The most common mode of payment for me is ye' old Paypal account. While I might not agree with the recent change in fee and refund structure, it remains one of the safest methods of making payment. There's always the option of dispute if I should ever get into a disagreement with the seller.
To all of my sellers' credits, I've never had to use it yet. Remember to do your homework so that you'll know what's to come in the mail.
Another method I've been trying, especially with sellers in Indonesia, is TransferWise. The service is a straight-to-bank wire service that has a whole lot less fees that Paypal. Despite the fancy name and lower fees, it IS still a wire service. This means getting a charge back or filing a dispute is harder.
Next in line is another tried and tested method - credit card payment. I usually do this through Paypal if I don't have enough credits in my account. This gives me another option of filing a charge back if the seller isn't responding.
Knowing a little more about the seller will always make the payment process a lot more palatable.
My general advice is to get to know the seller before you make a purchase. While they may seem a little curt at first (imagine answering dozens of DMs with "Price? Box? Papers?") the good ones eventually open up.
Another question I get a lot (they're rude by the way) is where I get my watches. A collector seldom reveals his exact source (because #allthewatches), but there really isn't a lot of places you can get a vintage watch to begin with... and asking a question like that really shows how much homework you've done (answer: none).
For the sole purpose of directing future queries to this exact blog post, I'm going to list down a few places you can shop around. If you get to know me better perhaps I'll share my browser bookmarks.
Local Listings In my country we have this app called 'Carousell' where we can list items for sale and have potential buyers ask annoying questions like whether this 40 year-old Seiko 5 comes with box, papers, sales receipt and a warranty.
Local Stores This is fast being a relic. With rising rent and a decrease of good stock moving around because of travel restrictions, local stores look to transit to a hang out place for collectors to meet, talk and trade.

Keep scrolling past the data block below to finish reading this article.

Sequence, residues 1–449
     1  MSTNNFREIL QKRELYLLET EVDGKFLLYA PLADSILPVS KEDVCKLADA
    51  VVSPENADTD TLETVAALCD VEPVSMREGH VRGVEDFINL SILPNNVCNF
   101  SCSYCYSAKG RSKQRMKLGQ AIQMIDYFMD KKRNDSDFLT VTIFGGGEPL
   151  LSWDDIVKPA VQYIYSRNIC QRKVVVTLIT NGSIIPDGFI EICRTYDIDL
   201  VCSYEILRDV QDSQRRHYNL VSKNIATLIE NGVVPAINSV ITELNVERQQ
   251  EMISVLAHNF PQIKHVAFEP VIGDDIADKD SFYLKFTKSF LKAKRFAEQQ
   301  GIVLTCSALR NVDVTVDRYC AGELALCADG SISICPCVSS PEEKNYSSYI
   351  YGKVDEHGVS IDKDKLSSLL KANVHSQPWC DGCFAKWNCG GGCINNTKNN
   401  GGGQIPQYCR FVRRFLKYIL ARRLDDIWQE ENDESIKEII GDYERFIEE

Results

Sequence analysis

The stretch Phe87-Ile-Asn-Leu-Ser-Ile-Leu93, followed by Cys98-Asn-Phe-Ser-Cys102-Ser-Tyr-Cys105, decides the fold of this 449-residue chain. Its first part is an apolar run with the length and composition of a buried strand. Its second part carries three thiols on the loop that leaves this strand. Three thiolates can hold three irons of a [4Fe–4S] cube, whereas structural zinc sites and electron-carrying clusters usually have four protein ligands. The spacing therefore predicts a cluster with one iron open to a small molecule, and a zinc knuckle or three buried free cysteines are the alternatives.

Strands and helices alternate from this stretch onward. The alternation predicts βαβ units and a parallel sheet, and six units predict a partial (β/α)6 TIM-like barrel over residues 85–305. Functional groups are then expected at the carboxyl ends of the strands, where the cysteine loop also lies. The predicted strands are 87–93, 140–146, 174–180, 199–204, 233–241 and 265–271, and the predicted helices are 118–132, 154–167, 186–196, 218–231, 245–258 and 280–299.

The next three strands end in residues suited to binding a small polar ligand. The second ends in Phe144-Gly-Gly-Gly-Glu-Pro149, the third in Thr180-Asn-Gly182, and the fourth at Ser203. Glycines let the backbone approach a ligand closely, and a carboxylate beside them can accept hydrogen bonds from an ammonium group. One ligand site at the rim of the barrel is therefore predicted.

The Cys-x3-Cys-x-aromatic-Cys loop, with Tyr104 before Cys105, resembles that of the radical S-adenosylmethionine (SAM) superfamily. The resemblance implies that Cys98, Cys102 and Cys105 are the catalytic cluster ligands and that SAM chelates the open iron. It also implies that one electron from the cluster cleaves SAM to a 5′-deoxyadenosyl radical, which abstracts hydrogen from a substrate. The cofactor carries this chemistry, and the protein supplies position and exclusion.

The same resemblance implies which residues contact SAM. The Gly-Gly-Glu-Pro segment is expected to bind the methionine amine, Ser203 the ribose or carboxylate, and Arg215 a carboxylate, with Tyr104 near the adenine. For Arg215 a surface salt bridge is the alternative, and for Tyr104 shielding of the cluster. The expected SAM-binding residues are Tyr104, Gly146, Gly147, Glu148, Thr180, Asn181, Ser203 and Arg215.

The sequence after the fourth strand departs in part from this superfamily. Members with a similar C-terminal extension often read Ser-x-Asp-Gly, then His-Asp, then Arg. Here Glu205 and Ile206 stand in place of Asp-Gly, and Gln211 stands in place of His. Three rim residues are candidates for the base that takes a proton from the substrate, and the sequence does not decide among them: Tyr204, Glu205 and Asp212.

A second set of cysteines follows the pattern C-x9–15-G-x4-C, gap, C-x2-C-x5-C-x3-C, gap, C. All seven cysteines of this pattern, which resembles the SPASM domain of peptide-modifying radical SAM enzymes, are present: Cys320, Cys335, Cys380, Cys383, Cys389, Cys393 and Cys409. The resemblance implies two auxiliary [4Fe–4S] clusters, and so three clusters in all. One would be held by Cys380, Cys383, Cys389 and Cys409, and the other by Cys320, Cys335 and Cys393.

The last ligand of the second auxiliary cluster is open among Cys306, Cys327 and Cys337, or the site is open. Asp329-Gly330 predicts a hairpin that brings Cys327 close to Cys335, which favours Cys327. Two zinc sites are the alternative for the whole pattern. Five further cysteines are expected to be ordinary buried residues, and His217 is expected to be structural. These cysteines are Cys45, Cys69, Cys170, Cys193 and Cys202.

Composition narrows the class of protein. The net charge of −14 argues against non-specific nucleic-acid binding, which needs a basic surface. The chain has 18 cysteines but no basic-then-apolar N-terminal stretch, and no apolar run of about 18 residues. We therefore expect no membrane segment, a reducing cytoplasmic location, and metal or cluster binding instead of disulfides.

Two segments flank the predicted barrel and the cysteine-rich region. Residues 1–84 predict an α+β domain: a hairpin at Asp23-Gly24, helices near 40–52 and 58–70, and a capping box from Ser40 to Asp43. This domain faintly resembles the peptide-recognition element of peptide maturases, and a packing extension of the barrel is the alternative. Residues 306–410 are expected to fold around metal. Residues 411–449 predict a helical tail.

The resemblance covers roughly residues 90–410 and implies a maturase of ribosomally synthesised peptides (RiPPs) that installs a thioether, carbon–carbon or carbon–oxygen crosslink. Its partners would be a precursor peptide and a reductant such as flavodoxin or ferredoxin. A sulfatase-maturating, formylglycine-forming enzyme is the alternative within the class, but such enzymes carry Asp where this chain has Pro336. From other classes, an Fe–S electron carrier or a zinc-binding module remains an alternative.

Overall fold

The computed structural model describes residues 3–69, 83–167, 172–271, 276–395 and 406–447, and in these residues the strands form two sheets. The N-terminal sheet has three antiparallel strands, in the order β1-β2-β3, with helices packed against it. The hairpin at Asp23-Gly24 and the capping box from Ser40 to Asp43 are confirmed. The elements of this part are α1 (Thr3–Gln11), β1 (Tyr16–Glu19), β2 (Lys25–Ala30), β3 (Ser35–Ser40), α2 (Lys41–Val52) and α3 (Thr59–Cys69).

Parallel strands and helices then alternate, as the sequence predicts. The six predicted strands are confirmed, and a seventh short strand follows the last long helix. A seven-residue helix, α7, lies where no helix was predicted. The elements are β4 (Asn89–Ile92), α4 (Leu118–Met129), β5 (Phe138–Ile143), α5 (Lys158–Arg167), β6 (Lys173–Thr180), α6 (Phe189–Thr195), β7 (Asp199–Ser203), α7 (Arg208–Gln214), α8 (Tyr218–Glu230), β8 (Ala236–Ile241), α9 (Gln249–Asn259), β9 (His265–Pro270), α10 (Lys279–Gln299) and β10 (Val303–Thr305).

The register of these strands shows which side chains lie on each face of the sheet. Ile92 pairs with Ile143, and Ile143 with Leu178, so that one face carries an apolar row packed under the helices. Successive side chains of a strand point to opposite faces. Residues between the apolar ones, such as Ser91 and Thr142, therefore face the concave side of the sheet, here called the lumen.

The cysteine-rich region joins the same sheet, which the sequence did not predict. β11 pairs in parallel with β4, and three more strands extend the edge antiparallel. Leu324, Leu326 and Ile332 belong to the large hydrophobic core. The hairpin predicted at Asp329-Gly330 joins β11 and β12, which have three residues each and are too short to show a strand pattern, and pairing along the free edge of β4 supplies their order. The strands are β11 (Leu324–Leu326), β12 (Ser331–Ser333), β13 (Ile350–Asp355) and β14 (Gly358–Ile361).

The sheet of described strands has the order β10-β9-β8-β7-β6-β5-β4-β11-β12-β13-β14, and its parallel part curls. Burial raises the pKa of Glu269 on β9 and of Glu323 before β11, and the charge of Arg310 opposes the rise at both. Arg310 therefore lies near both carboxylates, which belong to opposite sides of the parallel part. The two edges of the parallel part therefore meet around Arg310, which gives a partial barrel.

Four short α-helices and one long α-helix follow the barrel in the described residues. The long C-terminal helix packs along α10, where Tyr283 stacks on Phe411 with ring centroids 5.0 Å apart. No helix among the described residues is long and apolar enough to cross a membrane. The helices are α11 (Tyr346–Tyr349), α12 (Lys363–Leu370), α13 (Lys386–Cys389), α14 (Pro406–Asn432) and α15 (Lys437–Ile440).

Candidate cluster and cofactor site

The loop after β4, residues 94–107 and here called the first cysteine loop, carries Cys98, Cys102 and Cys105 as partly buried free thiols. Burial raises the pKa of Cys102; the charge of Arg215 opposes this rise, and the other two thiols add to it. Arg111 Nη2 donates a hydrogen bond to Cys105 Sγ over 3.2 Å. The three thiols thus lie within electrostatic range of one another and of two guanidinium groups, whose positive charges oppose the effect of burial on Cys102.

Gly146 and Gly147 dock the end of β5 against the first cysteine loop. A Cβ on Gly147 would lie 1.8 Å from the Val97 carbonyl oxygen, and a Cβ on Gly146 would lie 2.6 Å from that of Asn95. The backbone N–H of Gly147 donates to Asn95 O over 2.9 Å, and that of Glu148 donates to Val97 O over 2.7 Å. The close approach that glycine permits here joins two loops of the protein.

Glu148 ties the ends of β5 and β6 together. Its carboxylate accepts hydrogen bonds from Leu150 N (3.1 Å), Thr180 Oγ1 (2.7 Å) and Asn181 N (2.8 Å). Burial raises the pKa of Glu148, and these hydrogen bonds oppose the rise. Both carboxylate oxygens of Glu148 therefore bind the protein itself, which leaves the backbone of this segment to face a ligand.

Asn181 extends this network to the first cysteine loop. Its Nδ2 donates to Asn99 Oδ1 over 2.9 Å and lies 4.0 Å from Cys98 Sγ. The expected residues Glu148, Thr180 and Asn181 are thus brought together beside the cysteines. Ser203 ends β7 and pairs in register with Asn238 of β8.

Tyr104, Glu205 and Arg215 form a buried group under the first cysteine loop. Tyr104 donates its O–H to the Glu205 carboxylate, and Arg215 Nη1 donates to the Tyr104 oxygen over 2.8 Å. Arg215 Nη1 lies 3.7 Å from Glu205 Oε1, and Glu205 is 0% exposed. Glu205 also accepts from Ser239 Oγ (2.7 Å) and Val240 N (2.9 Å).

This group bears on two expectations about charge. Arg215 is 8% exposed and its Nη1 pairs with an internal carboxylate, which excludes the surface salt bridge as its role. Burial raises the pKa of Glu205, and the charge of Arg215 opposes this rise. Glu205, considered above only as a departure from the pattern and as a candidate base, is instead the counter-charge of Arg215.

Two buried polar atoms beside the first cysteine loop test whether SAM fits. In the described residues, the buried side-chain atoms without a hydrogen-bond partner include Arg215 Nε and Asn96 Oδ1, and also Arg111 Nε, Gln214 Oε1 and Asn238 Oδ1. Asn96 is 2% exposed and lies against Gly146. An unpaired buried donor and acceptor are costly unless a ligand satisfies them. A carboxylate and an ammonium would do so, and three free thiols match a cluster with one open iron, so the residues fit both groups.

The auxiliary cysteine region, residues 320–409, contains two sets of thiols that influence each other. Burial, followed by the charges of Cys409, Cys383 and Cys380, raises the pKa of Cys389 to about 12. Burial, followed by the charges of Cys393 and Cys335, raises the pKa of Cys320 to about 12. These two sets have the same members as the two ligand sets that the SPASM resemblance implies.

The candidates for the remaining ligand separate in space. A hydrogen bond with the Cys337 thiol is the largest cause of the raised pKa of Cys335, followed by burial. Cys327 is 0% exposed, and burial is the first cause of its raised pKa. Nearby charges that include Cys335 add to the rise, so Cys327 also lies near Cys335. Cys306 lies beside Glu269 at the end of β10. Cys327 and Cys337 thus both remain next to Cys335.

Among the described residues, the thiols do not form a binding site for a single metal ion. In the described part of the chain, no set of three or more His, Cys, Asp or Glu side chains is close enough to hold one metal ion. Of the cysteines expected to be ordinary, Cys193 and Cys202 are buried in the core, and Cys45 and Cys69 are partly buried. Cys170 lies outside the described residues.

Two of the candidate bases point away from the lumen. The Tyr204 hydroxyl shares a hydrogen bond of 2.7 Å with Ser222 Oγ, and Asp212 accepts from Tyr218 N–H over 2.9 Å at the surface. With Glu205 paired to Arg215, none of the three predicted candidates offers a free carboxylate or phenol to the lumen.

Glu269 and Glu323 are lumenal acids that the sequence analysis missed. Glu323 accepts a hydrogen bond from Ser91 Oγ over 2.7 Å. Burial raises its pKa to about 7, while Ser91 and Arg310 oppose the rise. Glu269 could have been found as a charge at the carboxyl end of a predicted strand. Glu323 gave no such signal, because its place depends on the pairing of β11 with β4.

Watch Websites Plenty of people are cashing in on the vintage craze. They range from collectors with too many watches (me!) to local stores expanding their businesses. Some are watch lovers, some are business men. Talk to them to find out.
"Sourcing" Sites Chrono24, PicClick, Watch Recon and TimePeaks are some of these sort of sites that allow you to search for your preferred type of watches. Good to go to when you know exactly what you're hunting for.
Instagram Go where the demand is. Instragram is fast becoming one of the best places for watch collectors to share and sell their collection. While prices here might be a little higher, you kind of know you're getting a watch that's appreciate and a part of someone's collection instead of stock.
Forums Not a fan because I don't typically like to talk watch in a forum, but I've heard of rare watches from collectors being put up for sale in these places.
Sofas in Garage Sales Because why not. Bring hand sanitizer.
From what I know from the old time collectors, it's a lot more fun being a part of the community now. The knowledge base is forever broadening and information is just a click away, you can connect with like-minded people all over the world for your hobby, and the avenues to buy and expand your collection is as endless as your willingness to pursue it.
While many of us might fear their watch collecting hobby ruined by the cold and realistic world of the internet, the reverse may actually be true.
I hope this guide has helped in understanding my personal journey and experiences in watch collecting. And as a further bonus, you can always feel free to contact me for discussions and if you have any questions about a watch you'd like to purchase from and outside of the site. Just don't ask me to appraise anything ok?